November 6, 1996

Military Medicine's Role Continues in Bosnia

JAMA. 1996;276(17):1370. doi:10.1001/jama.1996.03540170014006

This article is only available in the PDF format. Download the PDF to view the article, as well as its associated figures and tables.


IT APPEARS that US military medicine will be at work in Bosnia-Herzegovina beyond the 1-year stay, originally expected to end December 20,1996, that had been announced for American troops participating in the North Atlantic Treaty Organization (NATO) peace-enforcement effort.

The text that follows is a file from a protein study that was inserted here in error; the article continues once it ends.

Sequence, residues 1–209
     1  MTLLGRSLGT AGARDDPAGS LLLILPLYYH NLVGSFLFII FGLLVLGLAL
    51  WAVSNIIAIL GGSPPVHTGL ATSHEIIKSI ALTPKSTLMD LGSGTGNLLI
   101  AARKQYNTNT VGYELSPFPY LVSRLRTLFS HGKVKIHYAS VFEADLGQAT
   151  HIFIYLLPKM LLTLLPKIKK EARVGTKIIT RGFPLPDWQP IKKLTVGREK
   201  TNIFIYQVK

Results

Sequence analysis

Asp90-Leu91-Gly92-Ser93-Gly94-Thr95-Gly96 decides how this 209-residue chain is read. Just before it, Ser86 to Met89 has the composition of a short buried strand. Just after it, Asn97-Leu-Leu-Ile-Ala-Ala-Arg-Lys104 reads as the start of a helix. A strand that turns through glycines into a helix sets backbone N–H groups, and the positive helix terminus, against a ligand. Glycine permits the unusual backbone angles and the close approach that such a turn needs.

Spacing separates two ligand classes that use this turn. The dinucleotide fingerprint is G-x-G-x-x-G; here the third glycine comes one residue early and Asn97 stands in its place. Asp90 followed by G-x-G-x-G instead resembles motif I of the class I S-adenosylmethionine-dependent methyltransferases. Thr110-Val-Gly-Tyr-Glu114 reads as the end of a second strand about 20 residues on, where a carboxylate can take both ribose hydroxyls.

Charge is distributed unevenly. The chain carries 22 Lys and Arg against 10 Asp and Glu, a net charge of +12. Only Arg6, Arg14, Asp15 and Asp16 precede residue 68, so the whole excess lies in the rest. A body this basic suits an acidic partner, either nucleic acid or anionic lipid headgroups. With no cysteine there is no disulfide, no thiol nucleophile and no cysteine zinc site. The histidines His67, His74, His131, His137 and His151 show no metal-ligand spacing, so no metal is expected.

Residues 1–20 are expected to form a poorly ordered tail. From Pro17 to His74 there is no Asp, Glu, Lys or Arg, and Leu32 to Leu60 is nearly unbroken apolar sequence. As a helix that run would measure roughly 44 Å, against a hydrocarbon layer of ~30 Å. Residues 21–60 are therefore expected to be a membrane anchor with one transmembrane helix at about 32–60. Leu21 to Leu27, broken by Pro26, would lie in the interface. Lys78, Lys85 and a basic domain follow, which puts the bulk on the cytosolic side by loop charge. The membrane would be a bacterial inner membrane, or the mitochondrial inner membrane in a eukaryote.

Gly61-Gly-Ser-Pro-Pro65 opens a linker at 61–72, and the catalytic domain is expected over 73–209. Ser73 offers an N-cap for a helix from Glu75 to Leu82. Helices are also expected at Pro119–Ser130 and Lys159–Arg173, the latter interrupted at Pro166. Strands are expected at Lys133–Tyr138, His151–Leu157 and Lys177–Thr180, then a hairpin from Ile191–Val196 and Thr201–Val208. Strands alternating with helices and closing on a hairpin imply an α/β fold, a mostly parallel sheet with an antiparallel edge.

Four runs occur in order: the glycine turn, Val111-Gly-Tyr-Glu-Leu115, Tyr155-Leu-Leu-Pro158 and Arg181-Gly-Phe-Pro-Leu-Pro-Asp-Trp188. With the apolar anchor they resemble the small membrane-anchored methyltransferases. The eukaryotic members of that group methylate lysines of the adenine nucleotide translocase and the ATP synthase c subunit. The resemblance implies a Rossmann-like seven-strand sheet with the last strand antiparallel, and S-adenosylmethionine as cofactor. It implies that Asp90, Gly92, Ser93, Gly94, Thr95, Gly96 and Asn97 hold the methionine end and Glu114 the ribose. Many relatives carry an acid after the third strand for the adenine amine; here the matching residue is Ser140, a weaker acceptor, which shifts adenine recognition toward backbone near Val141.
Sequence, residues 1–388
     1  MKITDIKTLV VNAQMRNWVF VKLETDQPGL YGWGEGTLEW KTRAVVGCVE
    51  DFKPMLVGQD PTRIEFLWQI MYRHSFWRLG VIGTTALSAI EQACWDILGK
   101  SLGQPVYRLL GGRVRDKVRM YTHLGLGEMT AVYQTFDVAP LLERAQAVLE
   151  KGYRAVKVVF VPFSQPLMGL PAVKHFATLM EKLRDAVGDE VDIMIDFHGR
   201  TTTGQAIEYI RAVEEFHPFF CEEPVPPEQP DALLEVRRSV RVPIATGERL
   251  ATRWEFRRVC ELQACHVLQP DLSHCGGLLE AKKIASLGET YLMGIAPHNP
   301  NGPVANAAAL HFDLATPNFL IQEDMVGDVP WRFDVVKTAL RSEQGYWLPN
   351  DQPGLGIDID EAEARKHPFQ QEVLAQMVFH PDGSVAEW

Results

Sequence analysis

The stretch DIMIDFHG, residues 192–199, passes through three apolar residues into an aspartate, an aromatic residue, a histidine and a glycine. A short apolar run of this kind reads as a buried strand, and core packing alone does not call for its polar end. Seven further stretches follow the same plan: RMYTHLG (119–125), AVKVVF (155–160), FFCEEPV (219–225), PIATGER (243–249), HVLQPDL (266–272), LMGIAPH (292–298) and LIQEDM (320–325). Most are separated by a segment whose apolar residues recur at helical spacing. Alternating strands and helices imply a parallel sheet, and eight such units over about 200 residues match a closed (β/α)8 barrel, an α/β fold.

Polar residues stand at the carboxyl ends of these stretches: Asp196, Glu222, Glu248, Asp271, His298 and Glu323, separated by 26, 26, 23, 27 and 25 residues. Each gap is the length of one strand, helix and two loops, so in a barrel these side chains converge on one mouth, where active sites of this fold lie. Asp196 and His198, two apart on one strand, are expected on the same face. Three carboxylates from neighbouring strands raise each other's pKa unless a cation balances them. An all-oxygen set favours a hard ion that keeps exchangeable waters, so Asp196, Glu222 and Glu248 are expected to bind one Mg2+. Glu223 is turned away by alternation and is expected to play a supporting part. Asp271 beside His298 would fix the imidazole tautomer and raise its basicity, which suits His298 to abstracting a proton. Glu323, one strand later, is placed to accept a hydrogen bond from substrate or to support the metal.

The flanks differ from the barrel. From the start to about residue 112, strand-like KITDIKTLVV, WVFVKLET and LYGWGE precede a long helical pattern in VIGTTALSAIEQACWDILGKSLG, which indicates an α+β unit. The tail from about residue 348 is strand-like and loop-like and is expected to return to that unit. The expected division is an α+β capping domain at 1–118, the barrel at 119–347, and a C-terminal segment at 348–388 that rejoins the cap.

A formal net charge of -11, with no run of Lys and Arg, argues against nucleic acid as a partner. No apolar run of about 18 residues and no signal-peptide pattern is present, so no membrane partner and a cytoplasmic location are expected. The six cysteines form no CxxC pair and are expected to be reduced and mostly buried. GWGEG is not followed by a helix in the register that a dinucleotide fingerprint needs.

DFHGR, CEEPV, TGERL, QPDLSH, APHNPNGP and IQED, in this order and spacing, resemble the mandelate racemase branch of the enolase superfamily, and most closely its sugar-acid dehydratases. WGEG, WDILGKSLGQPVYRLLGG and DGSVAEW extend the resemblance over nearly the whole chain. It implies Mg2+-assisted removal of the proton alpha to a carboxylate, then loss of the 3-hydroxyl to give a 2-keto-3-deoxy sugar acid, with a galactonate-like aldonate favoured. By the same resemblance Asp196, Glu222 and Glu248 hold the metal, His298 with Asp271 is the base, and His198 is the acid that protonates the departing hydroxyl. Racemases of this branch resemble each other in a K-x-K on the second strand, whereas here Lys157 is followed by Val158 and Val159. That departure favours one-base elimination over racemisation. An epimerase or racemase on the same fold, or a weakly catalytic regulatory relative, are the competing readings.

Some 5000 US soldiers moved into the former Yugoslavia last month from bases in Germany. This, the Pentagon says, is the covering force for withdrawal of 15 800 US military people, many of whom were in place December 20,1995, when the 52000-troop NATO force assumed the peace-enforcement duties from the United Nations (JAMA. 1996;275:24).

The new arrivals are expected to stay until mid-March 1997, although some diplomats contend that NATO forces will have to remain in the region for at least 2 more years if the civil war is not to resume. Military physicians are watching the newcomers closely until they acclimatize, because the tick season does not end until later